Mass. continues to encourage strong solar deployment; holds opt-in term steady at 10 years

August 23, 2012 - Green Buildings

Jim Dumas, Solect Energy Development LLC,

The State of Mass. Department of Energy Resources (DOER) continues to show strong support for renewable solar energy, announcing recently it will continue to support a 40-quarter (10-year) Opt-In Term for solar projects that receive Statements of Qualification through July 19, 2013.
So what does that mean for businesses interested in deploying solar projects in Massachusetts over the next 12 months? First, it's important to understand what the DOER's Opt-in Term is all about and what the impact on system owners will be when and if the Opt-In Term changes. The basics: the state uses financial incentives in the form of SRECs (Solar Renewable Energy Certificates) to reward solar system owners for generating renewable energy. The state has mandated that a percentage of electricity which utilities sell must be generated through renewable energy sources, with a specific percentage attributed to solar. Utilities can't meet the requirements on their own so they purchase it from other solar energy producers - i.e. business and residential solar installation owners. One SREC equals 1,000 kWh (kilowatt hours) of electricity and these SRECs are sold to companies that sell power in Mass. in order for them to meet the mandate.
An Opt-In Term is the length of time that an installation is allowed to participate in the SREC auction. Once a project is qualified, its Opt-in Term cannot be changed. This rule helps guarantee that solar projects continue to generate a steady source of revenue for a specific term. The SREC market floor is $300 (or $285, after a 5% admin fee is taken by the state). A system owner that receives a Statement of Qualification before July 19, 2013, will be allowed to participate in the annual auction (if desired) for 10 years.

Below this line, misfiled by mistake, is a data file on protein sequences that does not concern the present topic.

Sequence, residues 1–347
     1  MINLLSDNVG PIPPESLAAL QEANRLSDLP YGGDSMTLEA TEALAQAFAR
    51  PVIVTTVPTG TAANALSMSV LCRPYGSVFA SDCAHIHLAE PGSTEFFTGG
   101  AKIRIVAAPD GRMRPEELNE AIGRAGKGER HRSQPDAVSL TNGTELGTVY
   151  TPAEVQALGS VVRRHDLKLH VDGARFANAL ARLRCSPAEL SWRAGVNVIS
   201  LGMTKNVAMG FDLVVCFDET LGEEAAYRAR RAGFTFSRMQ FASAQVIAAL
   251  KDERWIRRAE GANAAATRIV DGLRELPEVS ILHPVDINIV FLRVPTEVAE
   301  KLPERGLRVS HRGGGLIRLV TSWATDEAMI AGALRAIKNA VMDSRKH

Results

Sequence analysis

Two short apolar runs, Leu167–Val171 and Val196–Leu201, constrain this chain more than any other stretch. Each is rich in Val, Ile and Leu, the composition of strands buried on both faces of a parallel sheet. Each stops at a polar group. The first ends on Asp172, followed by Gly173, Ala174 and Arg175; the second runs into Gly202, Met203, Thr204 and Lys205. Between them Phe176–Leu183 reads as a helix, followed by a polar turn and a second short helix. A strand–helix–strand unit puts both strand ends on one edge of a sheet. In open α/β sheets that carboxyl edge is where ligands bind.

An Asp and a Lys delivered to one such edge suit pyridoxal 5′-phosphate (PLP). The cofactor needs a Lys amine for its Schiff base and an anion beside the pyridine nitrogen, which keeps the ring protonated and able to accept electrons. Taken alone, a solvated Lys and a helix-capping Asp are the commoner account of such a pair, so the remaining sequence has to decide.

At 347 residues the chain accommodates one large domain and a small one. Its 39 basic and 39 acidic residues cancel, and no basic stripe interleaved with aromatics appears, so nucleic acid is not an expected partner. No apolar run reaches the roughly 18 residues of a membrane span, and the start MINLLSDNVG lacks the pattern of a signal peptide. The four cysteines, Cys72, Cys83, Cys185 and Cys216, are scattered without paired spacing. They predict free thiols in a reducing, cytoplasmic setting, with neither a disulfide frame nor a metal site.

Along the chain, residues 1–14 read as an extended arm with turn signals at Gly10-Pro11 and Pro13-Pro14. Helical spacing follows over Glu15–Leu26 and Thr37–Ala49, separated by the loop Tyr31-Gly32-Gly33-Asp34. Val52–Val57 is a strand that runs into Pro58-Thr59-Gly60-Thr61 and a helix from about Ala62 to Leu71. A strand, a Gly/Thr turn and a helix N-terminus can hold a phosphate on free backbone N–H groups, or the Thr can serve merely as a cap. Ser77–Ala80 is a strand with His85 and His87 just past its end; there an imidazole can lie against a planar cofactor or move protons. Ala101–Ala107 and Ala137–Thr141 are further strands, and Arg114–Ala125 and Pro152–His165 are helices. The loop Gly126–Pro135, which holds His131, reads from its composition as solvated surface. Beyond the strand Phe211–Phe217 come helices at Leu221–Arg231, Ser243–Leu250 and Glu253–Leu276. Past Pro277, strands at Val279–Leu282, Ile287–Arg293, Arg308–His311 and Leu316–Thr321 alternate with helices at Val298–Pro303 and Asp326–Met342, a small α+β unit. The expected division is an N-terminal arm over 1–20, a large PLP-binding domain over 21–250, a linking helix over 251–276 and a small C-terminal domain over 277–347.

When the state next reviews the program in July 2013, it could make a change to the Opt-in Terms for new projects based on the results of the past year. If there is an oversupply of SRECs, then the Opt-In Term could be decreased (by up to 2 years). If there is a shortage, the Opt-in Term will stay at 10 years.
Setting a guaranteed auction term helps property owners considering a solar project understand their long-term revenue stream. Keeping the Opt-In Term at 10 years is a strong statement toward encouraging more property owners to consider deploying solar renewable energy solutions during 2012.
After understanding these critical regulatory guidelines, the next area for a potential owner or investor to understand to optimize their economic benefit is deal structure - i.e. is it best to own, lease, enter a Power Purchase Agreement (PPA) or pursue a more complex arrangement such as a Sale Leaseback, Partnership Flip, or an Inverted Lease? More to follow on these options....
Jim Dumas is principal of Solect Energy Development LLC, Hopkinton, Mass.and is a monthly contributing Solar Developer author for the New England Real Estate Journal's Green Building section.

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